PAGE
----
News | American Transmission Co. - Part 4
Twenty-three communities to plant outside transmission line rights-of-way; four recipients will plant inside the right-of-way, benefitting pollinators
PEWAUKEE, Wis. – American Transmission Co. has awarded collectively $58,600 to 27 recipients across its service area to plant trees and low-growing vegetation through two programs – the Community Planting and Pollinator Planting programs. Now in its sixth year, ATC has given more than 200 community awards for these projects totaling nearly $360,000.
Vegetation funded through the Community Planting Program requires that communities plant trees outside of high-voltage transmission line rights-of-way. Low-growing, compatible vegetation funded through the Pollinator Planting Program allows entities to cultivate species within the rights-of-way that benefit pollinator food and habitat. Both programs help maintain electric reliability of the transmission system by keeping tall-growing vegetation outside the rights-of-way.
“As an electric utility, we’re uniquely positioned to support the declining pollinator population,” said Mark Davis, executive vice president and chief operating officer. “We established ATC’s pollinator planting initiative about two years ago, developing our own rights-of-way and substation landscaping – following construction. The Pollinator Planting Program extends that opportunity to qualified applicants within our service area because recipients can plant low-growing vegetation in the right-of-way to develop spaces for pollinators. Meanwhile we continue to provide funding to applicants who wish to plant and grow trees outside the right-of-way through our Community Planting Program.”
Recipients of both programs commit to comply with ATC’s maintenance standards for all current and future planting plans and urban forestry activities near high-voltage electric transmission lines. Mequon Nature Preserve, Baird Creek Preservation Foundation in the town of Eaton and the cities of Stevens Point and Muskego all received funding to support pollinator planting projects. The following Wisconsin communities received amounts ranging from $500 to $5,000 for planting projects on public property, outside the rights-of-way:
|Antigo, Wis.||Marinette, Wis.||Plymouth, Wis.|
|Bellevue, Wis.||Mequon Nature Preserve (Wis.)||Port Washington, Wis.|
|Bristol, Wis.||Outagamie County, Wis.||Prairie du Chien, Wis.|
|Clintonville, Wis.||Ozaukee County, Wis.||Rib Mountain, Wis.|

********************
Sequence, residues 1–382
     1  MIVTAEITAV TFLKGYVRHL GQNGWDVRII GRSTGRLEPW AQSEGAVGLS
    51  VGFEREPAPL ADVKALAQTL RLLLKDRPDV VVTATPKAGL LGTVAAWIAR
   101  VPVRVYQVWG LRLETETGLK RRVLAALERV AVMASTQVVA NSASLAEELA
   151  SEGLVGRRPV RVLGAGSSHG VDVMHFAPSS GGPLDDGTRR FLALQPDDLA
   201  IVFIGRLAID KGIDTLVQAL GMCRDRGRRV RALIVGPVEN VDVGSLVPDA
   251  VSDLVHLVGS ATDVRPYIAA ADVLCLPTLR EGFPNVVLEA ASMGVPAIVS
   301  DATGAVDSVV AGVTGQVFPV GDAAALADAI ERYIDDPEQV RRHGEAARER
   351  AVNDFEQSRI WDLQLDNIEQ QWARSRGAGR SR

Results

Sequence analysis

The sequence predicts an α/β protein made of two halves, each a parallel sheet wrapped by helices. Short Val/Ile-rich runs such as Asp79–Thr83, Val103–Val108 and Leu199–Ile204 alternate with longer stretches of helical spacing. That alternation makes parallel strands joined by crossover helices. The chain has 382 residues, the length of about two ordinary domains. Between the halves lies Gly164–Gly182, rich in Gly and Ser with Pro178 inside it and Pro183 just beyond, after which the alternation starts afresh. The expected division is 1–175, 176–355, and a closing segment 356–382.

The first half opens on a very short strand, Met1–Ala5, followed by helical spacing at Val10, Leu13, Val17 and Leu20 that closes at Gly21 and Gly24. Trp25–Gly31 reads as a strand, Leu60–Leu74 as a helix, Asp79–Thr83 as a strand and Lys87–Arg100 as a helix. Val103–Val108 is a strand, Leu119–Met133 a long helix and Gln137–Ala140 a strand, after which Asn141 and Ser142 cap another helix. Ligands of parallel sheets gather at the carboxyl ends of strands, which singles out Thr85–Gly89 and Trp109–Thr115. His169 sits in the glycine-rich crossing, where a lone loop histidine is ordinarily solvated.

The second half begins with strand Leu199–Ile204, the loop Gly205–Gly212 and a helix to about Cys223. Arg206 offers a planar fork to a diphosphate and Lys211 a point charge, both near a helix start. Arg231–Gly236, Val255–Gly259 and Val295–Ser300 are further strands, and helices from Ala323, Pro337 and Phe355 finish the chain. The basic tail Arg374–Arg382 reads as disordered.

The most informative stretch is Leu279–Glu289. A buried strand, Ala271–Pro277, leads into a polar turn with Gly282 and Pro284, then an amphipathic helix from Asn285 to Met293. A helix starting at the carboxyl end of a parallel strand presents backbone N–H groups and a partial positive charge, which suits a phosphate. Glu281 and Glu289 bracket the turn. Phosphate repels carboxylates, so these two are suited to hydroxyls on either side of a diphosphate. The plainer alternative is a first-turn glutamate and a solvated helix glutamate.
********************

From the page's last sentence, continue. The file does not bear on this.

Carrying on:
|Green Lake Sanitary District (Wis.)||Peshtigo, Wis.||Rochester, Wis.|
|Iron Mountain, Mich.||Pittsville, Wis.||Waupaca, Wis.|
Both the Community Planting Program and Pollinator Planting Program are part of ATC’s Grow Smart® initiative, which advocates for and provides suggestions of low-growing, compatible vegetation that can be planted in transmission line rights-of-way. ATC will accept applications again for both programs from June 1 through Sept. 30, 2019.
Line will deliver reliability, economic and renewable energy benefits
MADISON, Wis. – The Badger Coulee transmission line, which electrically connects the Dane County area with La Crosse County area, is energized and now part of an integrated electric system serving customers in the region.
The line will help ensure reliable electricity for the region and provide access to lower-cost power and renewable energy. It is part of a portfolio of projects that will help enable the delivery of 25 gigawatts of renewable energy. A 20-mile portion of the project in Dane County was placed in service in 2017.
“Xcel Energy is committed to making investments to deliver safe, reliable and affordable electricity to our customers for decades to come,” said Michael Lamb, Xcel Energy Senior Vice President, Transmission. “This new transmission line opens up additional pathways for carbon-free energy including allowing wind and solar to enter the grid.”
The project was included in a group of 17 Multi-Value Projects designated by the Midcontinent Independent System Operator, which oversees the electric grid in the region. These projects are expected to create $12.1 billion to $52.6 billion in net economic benefits over the next 20 to 40 years and enable 41 million megawatt hours per year of wind generation, which could meet the electric needs of approximately 4 million homes.
“We are very pleased that the Badger Coulee transmission line is now in service,” said Clean Grid Alliance Executive Director Beth Soholt. “This line is a vital link in the integrated network of MISO multi-value transmission projects. Completion of this line not only enables the delivery of thousands of megawatts of clean, low-cost wind power, it will also reduce congestion in the MISO energy market, and add to the reliability of the overall MISO grid.”
This 180-mile, 345,000-volt transmission line was approved by the Public Service Commission of Wisconsin in April 2015 and construction activities began in 2016. There was significant economic impact of jobs and worker spending in local communities during construction.
International Brotherhood of Electrical Workers Local 2150 Assistant Business Manager Jay Allen noted that approximately 90 percent of the 300 Badger Coulee workers from their union live in Wisconsin.